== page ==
3-bladed prop on Pearson 303 - SailNet Community

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  #1  
Old 11-27-2011
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3-bladed prop on Pearson 303

Any advice on switching from a 2-bladed to a 3-bladed prop on my 1983 Pearson 303? Valued advice would be dia., pitch, same reduction gear ratio?; all this powered by a 2GMF Yanmar. Is this asking too much of the 2-banger, and any other considerations would be helpful in a decision.
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Old 11-27-2011
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Why do you want to put a three blade on? A two blade should do the job just fine.
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Old 11-27-2011
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A 3 blade should be smoother and if the right diameter and pitch is chosen your engine will not have a problem. One 3 blade that would be a good choice is the Campbell Sailor which has the least drag of any fixed 3 blade prop.
West by North Enterprises - Campbell Sailer

This is interesting reading as well: West by North Enterprises - Choosing a Propeller
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Old 11-28-2011
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Why are you considering a switch? If its poor performance, make sure your current prop is sized correctly. This link lists some suggested props for different engine/transmission combinations.

props by motor and gear ratio

I would first compare your prop to the ones listed there for your engine to see where you are. Note you need your transmission ratio.
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Old 11-28-2011
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If diameter and pitch are correct a two blade is much better performancewise. Three blade is smoother than a two blader. If you are happy with the smoothness of your prop do not replace it, you will loose performance.
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Old 11-28-2011
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Absolutely

Quote:
Originally Posted by celenoglu View Post
If diameter and pitch are correct a two blade is much better performancewise. Three blade is smoother than a two blader. If you are happy with the smoothness of your prop do not replace it, you will loose performance.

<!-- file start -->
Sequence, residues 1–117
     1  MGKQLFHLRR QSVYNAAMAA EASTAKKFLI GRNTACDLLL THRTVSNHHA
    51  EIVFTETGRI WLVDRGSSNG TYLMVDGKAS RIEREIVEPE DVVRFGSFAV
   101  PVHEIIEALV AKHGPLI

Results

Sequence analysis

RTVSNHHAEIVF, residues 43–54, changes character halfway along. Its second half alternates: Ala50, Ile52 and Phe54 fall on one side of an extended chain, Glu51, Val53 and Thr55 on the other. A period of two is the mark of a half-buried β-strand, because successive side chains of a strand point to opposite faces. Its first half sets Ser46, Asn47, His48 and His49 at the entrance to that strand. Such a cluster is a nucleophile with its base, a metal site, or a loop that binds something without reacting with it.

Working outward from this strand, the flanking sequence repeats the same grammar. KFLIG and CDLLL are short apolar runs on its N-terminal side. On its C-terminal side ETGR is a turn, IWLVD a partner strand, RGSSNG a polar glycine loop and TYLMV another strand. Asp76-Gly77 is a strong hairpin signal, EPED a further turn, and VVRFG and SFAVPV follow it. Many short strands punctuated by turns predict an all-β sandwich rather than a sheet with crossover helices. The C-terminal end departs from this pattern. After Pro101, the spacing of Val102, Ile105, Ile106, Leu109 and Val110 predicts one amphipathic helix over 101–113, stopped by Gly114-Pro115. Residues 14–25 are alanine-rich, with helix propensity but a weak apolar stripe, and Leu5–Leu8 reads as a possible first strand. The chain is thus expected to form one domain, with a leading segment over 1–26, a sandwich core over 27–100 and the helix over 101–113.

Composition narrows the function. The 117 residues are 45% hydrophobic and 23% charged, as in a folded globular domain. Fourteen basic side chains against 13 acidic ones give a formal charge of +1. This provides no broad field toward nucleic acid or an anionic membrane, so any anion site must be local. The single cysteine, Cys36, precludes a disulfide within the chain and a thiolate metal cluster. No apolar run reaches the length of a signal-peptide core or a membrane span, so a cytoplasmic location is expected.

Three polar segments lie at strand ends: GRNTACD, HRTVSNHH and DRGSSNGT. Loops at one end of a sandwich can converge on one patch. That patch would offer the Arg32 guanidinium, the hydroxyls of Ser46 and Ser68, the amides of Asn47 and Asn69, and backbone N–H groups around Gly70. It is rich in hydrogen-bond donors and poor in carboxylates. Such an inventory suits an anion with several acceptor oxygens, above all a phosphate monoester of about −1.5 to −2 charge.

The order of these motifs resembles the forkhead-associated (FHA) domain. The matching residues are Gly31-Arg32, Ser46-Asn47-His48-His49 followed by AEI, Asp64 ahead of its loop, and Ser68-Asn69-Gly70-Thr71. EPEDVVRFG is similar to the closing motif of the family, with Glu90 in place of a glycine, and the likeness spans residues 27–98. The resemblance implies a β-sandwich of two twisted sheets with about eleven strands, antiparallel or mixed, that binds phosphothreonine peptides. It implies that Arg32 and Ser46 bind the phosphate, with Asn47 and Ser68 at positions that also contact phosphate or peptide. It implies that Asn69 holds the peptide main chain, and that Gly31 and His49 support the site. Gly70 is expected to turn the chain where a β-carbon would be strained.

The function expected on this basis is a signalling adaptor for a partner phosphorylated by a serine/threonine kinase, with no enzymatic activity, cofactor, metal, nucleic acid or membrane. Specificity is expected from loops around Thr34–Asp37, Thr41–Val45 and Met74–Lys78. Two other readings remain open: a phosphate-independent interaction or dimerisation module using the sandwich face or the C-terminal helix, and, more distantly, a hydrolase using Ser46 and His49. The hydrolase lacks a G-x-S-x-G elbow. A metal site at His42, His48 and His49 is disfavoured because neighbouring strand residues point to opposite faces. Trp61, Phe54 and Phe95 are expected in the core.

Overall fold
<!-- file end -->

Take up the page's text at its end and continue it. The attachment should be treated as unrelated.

A Pearson 303 is already "slow", putting a 3-balded prop will only make it slower. If you're really thinking about putting a 3-bladed prop, think about a feathering one.

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Old 11-28-2011
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All the above comments are valid. I would add that a two blade can be positioned behind the deadwood and drag is much reduced when sailing. How much a 'grip' the propeller has on the water depends on diameter and pitch, not the number of blades. Diameter is by far the most important. The reason for a three blade is usually cavitation where the forces are so strong that vapor forms at the face of the propeller and then collapses causing severe erosion of the metal. If the propeller is sized large enough, the forces are small enough to not cause this to happen. The marine architect that designed the boat would have worked this out with the choice of a propeller that would not cavitate and would be properly sized so that the engine would transfer its peak horsepower when at maximum rated RPM. If you do not have the original engine, then we need to take a careful look at the propeller that’s there and see if it is properly matched to the engine. This takes a lot of time to work out. The original prop is a 16X10 two blade with a 13 HP engine. I would prefer a 20 HP for bucking the wind with a 10,000 pound boat. If you want the best performance and fuel economy, buy a Max-Prop where the engine torque is near maximum for a given RPM. Saves about 20% in fuel because less unused air is pumped through the diesel engine (pumping losses). A 16” two blade is about $2000 and will fully feather when engine is off.
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Old 11-28-2011
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FWIW, my P323 has a 3-blade prop. I am happy with the power/smooth running; but I also agree that the drag makes my baby - never fast - even slower. I intend to move to a folding prop when finances allow.
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Old 11-29-2011
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A fixed prop is never as efficient as a folding prop under sail, but a fixed three blade is a great cost effective solution if you need performance under power, if it is the proper pitch and dia for your engine. And an even better idea, if you can afford the price of admission, is a KIWI 3 blade folder. Best of both worlds and not a deal killer price. Pat

Last edited by Cherie320; 11-29-2011 at 01:09 AM.
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Old 11-29-2011
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Kiwi are feathering props - they do not fold. The Kiwi Feather Propeller Home Page
Attached Thumbnails
3-bladed prop on Pearson 303-1.jpg   3-bladed prop on Pearson 303-2.jpg  
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